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High-taxing European treasuries face grave problems as they try to finance redistributive welfare states having low birth rates and declining labour tax bases in an age of globalising investment. Their problem is not much different to the problem faced by the Roman Emperors (though Constantine humanely disclaimed the previous use of the scourge and the rack and contented himself with incarceration of insolvent taxpayers). In those days wealth was buried as gold in the grounds of the villa; in our day it may be buried in overseas parent or subsidiary companies. The reality remains that capital and business income can be made less visible to the tax collector than landed property. The solution of the late Roman Empire was to visit corporal punishment on the taxpayer. The solution now being urged by the OECD in Paris is that small or developing countries with offshore financial centres be pressed into service as subsidiary tax enforcers to boost OECD coffers. The OECD approach is multifarious, involving the criminalisation of tax avoidance and the elimination of various forms of tax competition from these centres in all geographically mobile service industries, including financial, but also distribution services, shipping, service industries and company headquartering. The OECD initiative is already drafting similar action on competition in e-commerce, with manufacturing industry having been flagged in the 1998 OECD report. © 2002, MCB UP Limited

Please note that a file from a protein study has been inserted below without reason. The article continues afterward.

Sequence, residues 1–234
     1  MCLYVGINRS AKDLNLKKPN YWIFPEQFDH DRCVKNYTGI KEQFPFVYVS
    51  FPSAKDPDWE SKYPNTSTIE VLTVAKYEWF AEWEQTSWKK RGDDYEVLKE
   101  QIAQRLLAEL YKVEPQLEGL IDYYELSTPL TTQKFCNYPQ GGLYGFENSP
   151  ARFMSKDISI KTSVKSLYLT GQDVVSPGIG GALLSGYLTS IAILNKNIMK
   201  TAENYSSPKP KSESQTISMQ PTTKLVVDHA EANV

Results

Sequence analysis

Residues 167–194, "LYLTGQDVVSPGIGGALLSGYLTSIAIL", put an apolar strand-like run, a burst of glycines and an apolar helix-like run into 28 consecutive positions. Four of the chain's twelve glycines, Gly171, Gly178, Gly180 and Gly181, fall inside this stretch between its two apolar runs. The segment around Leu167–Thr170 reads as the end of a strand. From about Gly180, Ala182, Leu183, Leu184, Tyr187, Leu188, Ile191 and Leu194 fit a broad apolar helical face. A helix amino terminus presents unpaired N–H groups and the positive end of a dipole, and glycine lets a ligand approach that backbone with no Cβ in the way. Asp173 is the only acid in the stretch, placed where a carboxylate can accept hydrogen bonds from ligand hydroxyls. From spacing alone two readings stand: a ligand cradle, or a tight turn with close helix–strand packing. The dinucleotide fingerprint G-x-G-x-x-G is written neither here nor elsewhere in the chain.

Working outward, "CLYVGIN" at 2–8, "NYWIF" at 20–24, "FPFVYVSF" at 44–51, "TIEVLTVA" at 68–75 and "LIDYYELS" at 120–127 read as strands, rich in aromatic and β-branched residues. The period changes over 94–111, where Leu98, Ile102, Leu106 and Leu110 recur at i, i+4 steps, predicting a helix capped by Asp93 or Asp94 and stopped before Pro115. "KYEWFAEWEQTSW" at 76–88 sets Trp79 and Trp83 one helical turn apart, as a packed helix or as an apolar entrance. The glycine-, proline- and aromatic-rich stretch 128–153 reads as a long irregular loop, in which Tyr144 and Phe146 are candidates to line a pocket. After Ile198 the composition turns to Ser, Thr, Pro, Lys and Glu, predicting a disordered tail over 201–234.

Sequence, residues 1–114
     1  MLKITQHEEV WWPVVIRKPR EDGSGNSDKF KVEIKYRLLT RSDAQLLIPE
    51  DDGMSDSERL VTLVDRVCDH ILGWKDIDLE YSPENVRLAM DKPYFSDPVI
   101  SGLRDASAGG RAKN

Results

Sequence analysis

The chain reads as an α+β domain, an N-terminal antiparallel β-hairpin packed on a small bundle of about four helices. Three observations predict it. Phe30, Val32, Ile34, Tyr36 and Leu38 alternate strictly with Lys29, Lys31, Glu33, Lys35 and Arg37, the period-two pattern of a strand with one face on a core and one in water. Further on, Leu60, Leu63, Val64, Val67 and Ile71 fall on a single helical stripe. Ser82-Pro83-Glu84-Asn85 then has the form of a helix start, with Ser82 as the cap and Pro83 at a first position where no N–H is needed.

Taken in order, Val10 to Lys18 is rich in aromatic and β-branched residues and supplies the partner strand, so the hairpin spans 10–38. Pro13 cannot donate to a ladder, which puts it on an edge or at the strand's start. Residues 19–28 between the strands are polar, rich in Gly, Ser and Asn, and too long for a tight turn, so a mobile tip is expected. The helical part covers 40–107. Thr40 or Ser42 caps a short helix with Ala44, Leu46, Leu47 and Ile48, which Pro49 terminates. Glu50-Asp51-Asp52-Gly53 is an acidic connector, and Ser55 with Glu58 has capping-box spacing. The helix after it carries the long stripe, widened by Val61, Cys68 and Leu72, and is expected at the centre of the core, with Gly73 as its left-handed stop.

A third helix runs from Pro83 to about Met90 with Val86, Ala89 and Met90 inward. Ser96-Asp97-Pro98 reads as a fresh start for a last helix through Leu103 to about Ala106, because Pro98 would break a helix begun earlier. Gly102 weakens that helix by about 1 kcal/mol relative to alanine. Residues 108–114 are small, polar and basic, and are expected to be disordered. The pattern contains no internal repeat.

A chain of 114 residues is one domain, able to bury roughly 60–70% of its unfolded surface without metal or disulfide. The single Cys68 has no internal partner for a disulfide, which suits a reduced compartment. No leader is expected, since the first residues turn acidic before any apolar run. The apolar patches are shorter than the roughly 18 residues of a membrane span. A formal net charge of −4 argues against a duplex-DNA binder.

Original publication




Journal article


Journal of Financial Crime

Publication Date





330 - 340